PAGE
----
It’s been a wonderful year for radicalism in America. From the university system to the press to the office, extremists have successfully shifted the discussion in their favor. There’s a concept in political theory called the Overton Window—a narrow range, within the broad spectrum of possible policies, that is considered politically acceptable. For example, in dealing with crime, few people listen to those who call for the abolition of prisons or to those who might want martial law. They’re on opposite ends of the spectrum, but both are outside the window. Stop-and-frisk searches and sentencing reform are on opposite sides, too, but within the window. One might also apply the Overton Window concept to public opinion and not just government policy. And this is where the extremists have won such great victories. They’ve been fighting at both edges of the window, and they’ve successfully moved both edges to the left.
Their work on the right edge of the spectrum has drawn the most headlines. This year’s college graduation season has seen hardline activists push out a broad range of commencement speakers whose politics they objected to, from conservatives like Condoleezza Rice and Christine Lagarde (the latter only a conservative in the squishy European sense) to liberal figures like former University of California, Berkeley chancellor Robert J. Birgenau. They successfully agitated for the firing of a well-respected tech sector CEO whose traditional religious views had led him to support a 2008 ballot initiative against gay marriage—well inside the window, as the ballot initiative eventually won a four-and-a-half-point majority in a high-turnout election in America’s most populous state. Radicals even got a prominent video-game developer fired for saying that disgraced Los Angeles Clippers owner Donald Sterling “has the right as an American to be an old bigot in the security of his own home.”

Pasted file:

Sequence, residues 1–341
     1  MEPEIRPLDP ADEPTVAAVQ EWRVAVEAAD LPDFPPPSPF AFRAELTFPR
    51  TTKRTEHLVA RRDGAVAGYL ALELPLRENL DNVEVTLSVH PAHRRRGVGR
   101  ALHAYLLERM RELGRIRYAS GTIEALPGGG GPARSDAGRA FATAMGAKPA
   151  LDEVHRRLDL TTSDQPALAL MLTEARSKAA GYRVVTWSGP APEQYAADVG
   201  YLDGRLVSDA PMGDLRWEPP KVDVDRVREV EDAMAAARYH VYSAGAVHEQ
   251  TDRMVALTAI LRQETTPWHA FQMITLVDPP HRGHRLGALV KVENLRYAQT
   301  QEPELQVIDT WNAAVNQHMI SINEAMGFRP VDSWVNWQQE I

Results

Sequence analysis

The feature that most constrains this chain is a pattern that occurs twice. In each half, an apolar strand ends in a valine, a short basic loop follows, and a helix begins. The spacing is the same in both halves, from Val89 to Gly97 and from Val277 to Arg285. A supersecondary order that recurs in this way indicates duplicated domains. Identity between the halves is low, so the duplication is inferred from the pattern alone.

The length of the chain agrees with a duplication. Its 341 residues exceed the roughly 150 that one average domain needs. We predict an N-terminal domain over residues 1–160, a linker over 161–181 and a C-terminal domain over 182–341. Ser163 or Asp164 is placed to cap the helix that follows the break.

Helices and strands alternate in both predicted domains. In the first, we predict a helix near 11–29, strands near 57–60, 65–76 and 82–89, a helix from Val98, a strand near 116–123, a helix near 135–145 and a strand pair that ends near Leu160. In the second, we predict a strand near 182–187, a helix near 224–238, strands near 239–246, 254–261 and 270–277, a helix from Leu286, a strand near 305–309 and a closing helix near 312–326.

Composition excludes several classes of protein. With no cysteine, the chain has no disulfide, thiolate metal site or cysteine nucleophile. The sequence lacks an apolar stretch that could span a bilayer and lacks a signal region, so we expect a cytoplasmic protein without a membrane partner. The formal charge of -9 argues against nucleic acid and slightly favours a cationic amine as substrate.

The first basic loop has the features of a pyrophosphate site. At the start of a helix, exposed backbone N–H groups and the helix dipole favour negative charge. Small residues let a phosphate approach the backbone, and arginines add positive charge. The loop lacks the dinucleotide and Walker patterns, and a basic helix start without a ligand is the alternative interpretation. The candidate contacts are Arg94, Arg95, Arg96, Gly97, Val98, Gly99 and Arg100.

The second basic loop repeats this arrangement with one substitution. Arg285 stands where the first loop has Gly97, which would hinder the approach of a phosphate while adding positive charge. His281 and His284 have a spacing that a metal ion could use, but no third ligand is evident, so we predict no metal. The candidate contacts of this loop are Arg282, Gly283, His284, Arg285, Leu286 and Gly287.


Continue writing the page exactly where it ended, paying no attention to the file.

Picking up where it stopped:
But the radicals have been pushing against the left edge of America’s Overton Window, too. In recent months, “critical theory” concepts have been seeping into American public discourse in an unprecedented way. What are these concepts? Their intellectual lineage goes back to Karl Marx. Marx saw economic structures as the real root of human suffering, and thought that political systems and such merely reflected economic power. Some of Marx’s successors saw the power of his analytical methods but thought his focus on economics was misplaced, suggesting that our ideas about our society are the real root of social evil. Thus critical theory was born. But while the economic Marxists had a clear program (Communism) to put their critique into action, the “cultural Marxists” did not. And so critique became their program. They would undermine the legitimacy of every human inequality—and they saw inequality (“privilege”) everywhere. The most famous essay of this genre suggests that “flesh-colored” bandages help “confer dominance.” Others have found supremacist undertones lurking in peanut-butter sandwiches and blamed sexism for school shootings.
And this frame of mind is spreading.
Check out this chart from Google Trends, measuring popular interest from January 2011 to the present in critical-theory buzzwords like “cis privilege” (referring to the social benefits of not being transgender), “thin privilege” (referring to the social benefits of not being fat), “white privilege” (the social benefits of being perceived as white), and “check your privilege” (the admonition that someone should reconsider their opinions on the grounds that they enjoy too much privilege):
There’s been a surge of attention. Phrases like these once only appeared in Gender Studies term papers. Now they’re in the mouths of opinion-shapers and all over the pages of elite magazines. And when a mere Princeton freshman publicly disagreed with this mode of analysis in an essay in TIME magazine, pillorying him became an urgent public concern. Gawker and Newsweek even launched investigations into how he was published and the financial backing of the small college outlet that originally ran the essay.